On this slow news day, Perry offers his two top reporters the 'honor' of covering a dog show. It is the classic 'dog' news story thrown around in the 50s. Lois bets Clark that she will get a front page story out of it, a better story than he can produce. Clark accepts.
Unfortunately, Clark is called into duty as Superman, delaying him from getting to the show. We see snippets of his duties - putting out fires, stopping the Toyman and his giant robot duck, corraling escaping zoo animals ... it is all so Silver Age.
But I also liked that last panel, a clear homage to the Donner movies where Superman acts as a rail to save a train. Again, with Man of Steel on the minds of the world, I thought this interesting.
He even gets called to save the timeline by Kamandi and Rip Hunter.
And when he comes back, tired, and with a beard, Lois is there, sporting a jaunty hat, to grab his picture.
I loved Lois in this story. And the story has a nostalgia feel to it without overdoing it.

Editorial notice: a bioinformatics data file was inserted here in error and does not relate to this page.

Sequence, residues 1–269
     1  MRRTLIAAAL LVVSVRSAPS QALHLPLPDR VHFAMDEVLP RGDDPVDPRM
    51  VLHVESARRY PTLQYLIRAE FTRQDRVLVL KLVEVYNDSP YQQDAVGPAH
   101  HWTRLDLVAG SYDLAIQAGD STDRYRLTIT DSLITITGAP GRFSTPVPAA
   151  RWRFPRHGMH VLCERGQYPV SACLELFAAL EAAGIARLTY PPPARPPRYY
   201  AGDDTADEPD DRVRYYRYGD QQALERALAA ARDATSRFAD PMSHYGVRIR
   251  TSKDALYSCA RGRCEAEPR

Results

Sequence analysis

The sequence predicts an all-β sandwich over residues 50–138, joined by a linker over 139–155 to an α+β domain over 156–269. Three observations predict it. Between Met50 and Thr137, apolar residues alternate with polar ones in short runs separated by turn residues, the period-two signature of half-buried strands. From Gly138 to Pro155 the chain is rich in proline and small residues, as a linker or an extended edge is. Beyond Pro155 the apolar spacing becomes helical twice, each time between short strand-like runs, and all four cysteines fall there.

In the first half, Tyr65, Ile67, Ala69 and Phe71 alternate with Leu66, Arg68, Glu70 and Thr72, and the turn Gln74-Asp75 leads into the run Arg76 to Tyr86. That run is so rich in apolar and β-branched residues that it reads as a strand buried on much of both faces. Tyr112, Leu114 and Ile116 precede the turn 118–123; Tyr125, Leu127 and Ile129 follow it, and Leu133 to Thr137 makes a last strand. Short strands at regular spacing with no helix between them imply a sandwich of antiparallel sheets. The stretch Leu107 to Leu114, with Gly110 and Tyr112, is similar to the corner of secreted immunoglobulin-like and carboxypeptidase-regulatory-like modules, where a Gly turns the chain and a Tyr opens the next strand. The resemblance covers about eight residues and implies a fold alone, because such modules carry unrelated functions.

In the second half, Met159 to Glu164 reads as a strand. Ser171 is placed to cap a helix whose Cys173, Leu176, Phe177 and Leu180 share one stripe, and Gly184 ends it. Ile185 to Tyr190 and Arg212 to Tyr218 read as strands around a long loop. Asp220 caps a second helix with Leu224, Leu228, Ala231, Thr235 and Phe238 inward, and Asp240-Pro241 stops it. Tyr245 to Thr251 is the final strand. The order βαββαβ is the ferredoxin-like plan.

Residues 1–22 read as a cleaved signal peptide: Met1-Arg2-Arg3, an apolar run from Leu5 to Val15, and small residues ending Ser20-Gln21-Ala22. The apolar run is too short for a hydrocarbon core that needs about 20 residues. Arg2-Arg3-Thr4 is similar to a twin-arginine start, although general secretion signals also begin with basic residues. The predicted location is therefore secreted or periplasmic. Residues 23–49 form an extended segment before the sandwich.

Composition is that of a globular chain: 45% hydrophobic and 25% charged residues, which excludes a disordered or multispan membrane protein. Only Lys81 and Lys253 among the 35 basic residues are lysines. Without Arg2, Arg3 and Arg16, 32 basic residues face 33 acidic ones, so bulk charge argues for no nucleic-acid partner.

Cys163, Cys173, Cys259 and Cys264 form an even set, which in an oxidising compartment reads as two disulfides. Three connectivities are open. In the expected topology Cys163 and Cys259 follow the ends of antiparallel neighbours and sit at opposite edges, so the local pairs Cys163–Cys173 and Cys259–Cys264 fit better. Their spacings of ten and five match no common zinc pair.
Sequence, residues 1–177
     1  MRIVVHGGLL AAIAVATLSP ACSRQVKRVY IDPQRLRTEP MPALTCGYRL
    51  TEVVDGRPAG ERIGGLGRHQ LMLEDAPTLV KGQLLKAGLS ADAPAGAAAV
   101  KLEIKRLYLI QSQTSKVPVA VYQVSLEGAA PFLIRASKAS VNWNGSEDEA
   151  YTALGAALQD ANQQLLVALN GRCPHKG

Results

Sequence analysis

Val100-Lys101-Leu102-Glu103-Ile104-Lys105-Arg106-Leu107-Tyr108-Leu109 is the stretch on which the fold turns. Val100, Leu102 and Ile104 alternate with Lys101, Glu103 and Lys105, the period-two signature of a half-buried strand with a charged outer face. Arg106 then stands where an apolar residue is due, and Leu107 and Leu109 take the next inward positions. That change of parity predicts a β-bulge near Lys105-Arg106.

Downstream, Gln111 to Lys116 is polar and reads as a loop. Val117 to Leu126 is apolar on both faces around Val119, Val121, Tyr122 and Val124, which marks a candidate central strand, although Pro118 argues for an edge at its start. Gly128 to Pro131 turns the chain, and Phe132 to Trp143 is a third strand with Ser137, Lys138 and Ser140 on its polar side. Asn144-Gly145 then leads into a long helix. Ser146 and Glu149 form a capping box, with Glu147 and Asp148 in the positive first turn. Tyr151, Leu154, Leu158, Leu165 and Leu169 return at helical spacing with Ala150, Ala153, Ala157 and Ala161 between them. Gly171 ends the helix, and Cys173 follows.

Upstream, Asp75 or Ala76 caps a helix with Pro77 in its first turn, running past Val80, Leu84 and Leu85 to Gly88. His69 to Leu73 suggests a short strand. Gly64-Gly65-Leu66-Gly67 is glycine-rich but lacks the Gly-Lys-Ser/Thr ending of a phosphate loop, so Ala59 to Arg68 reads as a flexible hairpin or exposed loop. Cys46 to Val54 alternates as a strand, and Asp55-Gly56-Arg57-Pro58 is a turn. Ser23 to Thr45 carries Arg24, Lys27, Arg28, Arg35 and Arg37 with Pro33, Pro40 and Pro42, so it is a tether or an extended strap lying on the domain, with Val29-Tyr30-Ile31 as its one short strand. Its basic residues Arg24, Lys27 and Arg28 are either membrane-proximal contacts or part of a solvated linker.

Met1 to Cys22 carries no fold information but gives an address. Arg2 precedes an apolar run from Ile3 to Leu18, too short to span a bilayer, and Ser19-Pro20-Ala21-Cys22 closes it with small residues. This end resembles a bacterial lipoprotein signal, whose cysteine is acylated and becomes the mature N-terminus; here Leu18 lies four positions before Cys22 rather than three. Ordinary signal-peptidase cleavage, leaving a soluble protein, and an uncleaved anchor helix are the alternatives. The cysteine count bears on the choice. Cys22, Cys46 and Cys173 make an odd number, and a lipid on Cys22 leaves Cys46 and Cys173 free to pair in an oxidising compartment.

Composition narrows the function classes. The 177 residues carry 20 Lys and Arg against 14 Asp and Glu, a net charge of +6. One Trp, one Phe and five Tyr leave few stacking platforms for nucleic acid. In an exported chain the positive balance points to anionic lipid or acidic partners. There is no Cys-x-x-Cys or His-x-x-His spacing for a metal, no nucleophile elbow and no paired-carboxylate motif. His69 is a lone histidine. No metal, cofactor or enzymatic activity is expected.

With moments left, Clark zips to the dog show and writes his human interest story, enough to get on the front page of the local news section.
Meanwhile, Lois gets the front page of the Late Edition (do newspapers still have late editions or is this another nudge at the timing of this). She covered Superman while Clark was 'at the dog show'.
I love how Lois declares them both winners and thinks they should celebrate together. Man, I miss the Lois/Clark dynamic! So glad to find it here!
And Joelle Jones' art just sizzles here. Wonderful stuff.
This story is an A+.
The last story 'Best Intent' is written and drawn by Michael Avon Oeming. I was looking forward to seeing Oeming's take on Superman.
The story is a somewhat confusing time travel story. A timeline guardian asks Superman to help him find and stop another saved Kryptonian from becoming a galactic despot.
I have to say that after decades of reading time travel stories, I thought I could understand all the intricacies. But I will admit that even I am confused by this one.